The High Cost Of Data Loss - InformationWeek

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The High Cost Of Data Loss

Sensitive personal data has been misplaced, lost, printed on mailing labels, posted online, and just left around for anyone to see. The situation has become untenable. Here's the ugly truth about how it keeps happening, who's been affected, and what's being done about it.

The Goods
Hackers and careless package delivery services grab the headlines when sensitive data is lost or pilfered, but often all that's needed to steal an identity are a Web browser and a search engine. Government agencies, educational institutions, and businesses digitize paper records and post them to Web sites but too often don't scrub documents of sensitive information.

No one seems to know how often Social Security numbers and other personal information are carelessly posted on the Web, but government agencies from the Department of Justice to village clerks have slipped up. In December, InformationWeek reported that certain pages on the Justice Department's Web site included the names and Social Security numbers of people involved in department-related legal actions.

Justice acknowledged the personal information shouldn't have been publically available, and the documents are now blocked from view. The Social Security numbers, however, still can be accessed using general-purpose search engines. Other tricks for bypassing controls include clicking on cached or HTML links and copying text from Adobe PDF files into Microsoft Word.

Levine turned limited access to Acxiom systems into major theft

Levine turned limited access to Acxiom systems into major theft.

The list of government entities and businesses that have made sensitive data available to the public is long. The Web site for Florida's Palm Beach County Clerk and Comptroller lets people access deeds, military records, and other documents containing personal information. A programming error last year in the University of Southern California's online system that accepts entrance applications left the personal information of as many as 280,000 prospective students accessible. The Suffolk County, N.Y., clerk's office posted property records with thousands of homeowners' Social Security numbers on its Web site.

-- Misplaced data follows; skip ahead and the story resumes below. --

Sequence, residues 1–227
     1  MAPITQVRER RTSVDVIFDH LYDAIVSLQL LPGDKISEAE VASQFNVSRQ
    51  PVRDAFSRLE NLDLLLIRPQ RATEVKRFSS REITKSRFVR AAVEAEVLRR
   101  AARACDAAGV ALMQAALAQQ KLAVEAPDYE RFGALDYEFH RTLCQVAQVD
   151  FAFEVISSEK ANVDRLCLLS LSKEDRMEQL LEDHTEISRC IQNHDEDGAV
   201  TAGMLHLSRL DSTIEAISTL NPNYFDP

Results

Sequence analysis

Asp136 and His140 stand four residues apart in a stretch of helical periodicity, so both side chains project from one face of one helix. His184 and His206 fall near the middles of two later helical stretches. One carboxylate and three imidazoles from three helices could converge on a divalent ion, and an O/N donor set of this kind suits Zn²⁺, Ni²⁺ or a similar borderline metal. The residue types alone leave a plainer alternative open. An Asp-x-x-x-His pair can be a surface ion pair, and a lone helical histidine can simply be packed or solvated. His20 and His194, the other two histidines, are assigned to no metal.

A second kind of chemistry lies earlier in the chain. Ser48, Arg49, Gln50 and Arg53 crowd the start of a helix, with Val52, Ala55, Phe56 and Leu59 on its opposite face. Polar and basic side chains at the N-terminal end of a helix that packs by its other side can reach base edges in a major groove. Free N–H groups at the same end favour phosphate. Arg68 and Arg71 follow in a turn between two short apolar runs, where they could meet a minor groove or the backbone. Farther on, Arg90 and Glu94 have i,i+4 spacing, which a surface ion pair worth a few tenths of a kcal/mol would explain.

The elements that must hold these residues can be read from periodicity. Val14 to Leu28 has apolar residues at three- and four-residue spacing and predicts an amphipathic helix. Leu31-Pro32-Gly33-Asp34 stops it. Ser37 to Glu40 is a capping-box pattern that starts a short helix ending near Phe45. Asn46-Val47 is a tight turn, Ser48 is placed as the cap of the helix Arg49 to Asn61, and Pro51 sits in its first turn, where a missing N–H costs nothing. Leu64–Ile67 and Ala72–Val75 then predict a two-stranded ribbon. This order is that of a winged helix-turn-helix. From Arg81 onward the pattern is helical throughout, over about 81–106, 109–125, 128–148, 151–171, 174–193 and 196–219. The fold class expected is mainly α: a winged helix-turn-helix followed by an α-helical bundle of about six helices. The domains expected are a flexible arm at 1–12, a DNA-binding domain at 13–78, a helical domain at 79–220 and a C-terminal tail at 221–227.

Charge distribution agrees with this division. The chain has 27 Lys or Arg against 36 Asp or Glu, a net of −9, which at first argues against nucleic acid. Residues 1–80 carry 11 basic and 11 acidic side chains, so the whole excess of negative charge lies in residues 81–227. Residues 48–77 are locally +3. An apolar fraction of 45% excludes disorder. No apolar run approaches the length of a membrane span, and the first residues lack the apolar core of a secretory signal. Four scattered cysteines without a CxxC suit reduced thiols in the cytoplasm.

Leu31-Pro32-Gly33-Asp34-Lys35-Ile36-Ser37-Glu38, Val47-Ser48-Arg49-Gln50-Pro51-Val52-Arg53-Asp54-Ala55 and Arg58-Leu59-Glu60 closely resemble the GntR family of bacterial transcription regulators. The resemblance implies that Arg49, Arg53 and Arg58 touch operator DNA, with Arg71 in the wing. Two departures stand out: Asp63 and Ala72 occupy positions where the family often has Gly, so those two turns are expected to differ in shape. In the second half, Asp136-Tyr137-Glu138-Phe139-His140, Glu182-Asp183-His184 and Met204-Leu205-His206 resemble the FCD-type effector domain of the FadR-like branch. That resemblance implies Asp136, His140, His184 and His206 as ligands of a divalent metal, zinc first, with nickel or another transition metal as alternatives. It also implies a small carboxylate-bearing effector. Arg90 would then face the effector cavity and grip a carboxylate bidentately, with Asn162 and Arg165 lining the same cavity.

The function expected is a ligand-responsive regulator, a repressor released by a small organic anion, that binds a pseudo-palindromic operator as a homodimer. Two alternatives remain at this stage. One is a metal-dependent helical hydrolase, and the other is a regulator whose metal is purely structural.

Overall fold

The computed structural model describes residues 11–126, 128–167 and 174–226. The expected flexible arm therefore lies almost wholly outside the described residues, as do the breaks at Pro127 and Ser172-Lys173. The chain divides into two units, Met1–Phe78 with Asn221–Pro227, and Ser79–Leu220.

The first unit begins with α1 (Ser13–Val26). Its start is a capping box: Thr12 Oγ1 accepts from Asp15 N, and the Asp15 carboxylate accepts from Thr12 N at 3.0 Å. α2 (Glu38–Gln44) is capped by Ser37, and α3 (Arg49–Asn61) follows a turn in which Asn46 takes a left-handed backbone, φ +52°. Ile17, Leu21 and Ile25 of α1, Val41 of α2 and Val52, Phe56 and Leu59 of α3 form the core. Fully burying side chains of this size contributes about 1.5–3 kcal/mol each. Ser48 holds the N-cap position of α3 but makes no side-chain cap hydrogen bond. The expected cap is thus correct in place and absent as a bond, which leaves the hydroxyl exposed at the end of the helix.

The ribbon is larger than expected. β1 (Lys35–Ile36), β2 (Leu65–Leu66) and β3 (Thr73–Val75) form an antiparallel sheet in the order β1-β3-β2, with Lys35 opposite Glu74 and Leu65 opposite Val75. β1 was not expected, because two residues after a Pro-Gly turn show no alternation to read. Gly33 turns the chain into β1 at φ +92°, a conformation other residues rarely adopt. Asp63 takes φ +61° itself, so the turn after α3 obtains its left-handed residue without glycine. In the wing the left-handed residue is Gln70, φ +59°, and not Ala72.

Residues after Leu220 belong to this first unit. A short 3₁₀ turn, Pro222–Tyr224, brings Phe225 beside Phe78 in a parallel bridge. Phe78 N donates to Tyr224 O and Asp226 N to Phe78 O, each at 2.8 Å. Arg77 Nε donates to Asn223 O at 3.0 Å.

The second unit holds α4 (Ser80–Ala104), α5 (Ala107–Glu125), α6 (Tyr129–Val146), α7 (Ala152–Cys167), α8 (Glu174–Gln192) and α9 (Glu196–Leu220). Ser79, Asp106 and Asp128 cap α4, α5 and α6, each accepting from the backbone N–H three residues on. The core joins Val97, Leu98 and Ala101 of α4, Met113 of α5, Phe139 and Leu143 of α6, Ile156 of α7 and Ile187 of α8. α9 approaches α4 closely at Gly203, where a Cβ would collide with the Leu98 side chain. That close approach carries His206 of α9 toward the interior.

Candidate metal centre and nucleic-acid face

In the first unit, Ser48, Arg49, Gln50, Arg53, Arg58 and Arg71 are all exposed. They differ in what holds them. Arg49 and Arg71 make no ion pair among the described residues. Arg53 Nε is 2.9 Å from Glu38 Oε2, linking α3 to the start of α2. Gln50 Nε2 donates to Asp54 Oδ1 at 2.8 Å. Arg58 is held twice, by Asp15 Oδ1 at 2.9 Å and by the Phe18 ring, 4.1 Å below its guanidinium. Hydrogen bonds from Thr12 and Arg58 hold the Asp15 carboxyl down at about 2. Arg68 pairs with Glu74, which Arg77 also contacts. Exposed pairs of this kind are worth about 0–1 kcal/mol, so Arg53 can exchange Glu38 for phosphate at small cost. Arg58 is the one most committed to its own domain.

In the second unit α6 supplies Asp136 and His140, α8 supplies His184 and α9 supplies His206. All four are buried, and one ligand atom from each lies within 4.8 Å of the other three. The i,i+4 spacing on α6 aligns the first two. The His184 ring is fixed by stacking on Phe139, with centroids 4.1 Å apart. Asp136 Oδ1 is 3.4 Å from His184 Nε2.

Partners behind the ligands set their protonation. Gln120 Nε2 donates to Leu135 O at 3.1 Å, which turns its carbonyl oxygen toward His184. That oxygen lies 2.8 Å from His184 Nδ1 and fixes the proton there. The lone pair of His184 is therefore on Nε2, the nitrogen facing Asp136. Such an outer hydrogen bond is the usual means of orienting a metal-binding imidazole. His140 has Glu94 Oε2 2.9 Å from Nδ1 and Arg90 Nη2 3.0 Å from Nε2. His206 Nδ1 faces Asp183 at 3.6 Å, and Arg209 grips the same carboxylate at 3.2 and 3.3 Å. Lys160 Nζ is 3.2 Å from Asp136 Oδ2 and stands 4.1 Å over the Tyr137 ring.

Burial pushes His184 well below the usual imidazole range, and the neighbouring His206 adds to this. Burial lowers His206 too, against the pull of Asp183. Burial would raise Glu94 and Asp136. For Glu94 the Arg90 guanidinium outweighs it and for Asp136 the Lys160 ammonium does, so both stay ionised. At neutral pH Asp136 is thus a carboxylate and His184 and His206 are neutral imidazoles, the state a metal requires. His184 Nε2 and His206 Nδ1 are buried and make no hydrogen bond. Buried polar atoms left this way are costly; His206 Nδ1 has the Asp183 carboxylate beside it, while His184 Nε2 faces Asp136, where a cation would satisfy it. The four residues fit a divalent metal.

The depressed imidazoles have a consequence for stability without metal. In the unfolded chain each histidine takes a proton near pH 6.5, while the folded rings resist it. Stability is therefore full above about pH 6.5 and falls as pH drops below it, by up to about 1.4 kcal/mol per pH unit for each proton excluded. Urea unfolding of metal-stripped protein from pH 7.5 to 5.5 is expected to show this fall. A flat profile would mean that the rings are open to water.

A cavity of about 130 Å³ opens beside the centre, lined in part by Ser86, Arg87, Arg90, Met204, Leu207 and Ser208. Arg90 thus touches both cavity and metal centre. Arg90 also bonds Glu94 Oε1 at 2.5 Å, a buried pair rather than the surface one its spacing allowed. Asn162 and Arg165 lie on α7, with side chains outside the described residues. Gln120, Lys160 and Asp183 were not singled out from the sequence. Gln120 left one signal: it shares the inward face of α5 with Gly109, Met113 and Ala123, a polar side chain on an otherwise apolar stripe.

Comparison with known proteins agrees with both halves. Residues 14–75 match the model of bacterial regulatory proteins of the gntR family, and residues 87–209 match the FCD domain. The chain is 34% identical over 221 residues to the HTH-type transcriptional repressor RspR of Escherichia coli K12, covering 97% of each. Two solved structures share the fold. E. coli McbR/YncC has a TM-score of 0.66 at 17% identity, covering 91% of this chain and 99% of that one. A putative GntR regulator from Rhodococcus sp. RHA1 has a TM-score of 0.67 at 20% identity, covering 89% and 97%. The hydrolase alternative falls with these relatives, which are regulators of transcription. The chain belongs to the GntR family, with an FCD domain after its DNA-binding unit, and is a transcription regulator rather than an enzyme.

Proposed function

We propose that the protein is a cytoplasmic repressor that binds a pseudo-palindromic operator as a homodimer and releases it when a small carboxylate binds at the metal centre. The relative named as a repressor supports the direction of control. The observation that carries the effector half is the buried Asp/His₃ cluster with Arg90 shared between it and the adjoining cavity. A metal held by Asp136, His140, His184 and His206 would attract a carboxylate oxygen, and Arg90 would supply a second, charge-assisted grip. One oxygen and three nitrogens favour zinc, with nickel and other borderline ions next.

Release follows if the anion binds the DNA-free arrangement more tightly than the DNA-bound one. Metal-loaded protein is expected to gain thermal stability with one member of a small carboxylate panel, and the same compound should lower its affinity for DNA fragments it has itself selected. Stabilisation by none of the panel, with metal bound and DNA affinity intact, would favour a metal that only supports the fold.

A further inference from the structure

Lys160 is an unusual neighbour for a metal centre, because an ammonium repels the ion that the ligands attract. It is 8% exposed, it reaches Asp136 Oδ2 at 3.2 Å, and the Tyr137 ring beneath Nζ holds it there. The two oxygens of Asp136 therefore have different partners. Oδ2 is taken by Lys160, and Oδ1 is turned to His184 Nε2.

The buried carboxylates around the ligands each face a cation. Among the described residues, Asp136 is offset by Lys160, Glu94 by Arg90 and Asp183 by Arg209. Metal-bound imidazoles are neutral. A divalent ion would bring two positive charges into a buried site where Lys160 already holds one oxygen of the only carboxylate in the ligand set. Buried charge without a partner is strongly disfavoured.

"Having someone's Social Security number is having the key to that person's identity," says Dana Lesemann, VP and deputy general counsel at Stroz Friedberg, a consulting firm specializing in computer forensics. Thieves use a name and Social Security number to get other information and then order credit cards, take out mortgages, and apply for other services using the victim's identity.

There aren't any laws prohibiting the collection and use of Social Security numbers, though people who use them for identity theft can be prosecuted for fraud. Bills were introduced in Congress last year to establish criminal penalties for buying and selling Social Security numbers and are now in committee (see story, "The Law").

When sensitive information is freely available to the public on the Web, it's often the result of carelessness and rarely a technology problem. As with most aspects of security, training in the proper use of technology and data-handling policies is essential, says Lesemann, who has studied the ways PDF files in particular can be exploited to gain access to sensitive information. "Everyone uses PDF files, but no one understands the pitfalls."

Businesses create PDF files using scanned images, digital photos, and text documents. It's possible to restrict the way PDFs are viewed, printed, and edited, and a common way to block PDF content from view is to place a black box over a portion of the image. However, the black box is actually a layer within the PDF, so the sensitive information is still there-and still at risk. A U.S. military report issued last year on the topic of an investigation into the fatal shooting of an Italian agent escorting a freed hostage through a checkpoint in Iraq included several black boxes blocking sensitive information. A PDF of the document was posted on the Web but was pulled when the military realized visitors could remove the black boxes by copying the text into a Word document, Lesemann says.

A better understanding among business and government employees of how to properly scrub documents would go a long way toward resolving the problem.

An industry has formed around the search for sensitive information. Sites, including Identity Crawler, People-Search, Records Registry, and, make public data revealed by errors, lapses in privacy and security policy, and carelessness. These sites, which are used by private investigators and others, collect Social Security numbers and other personally identifiable information in any number of ways, including trolling the Web for unsecured documents.

--Larry Greenemeier

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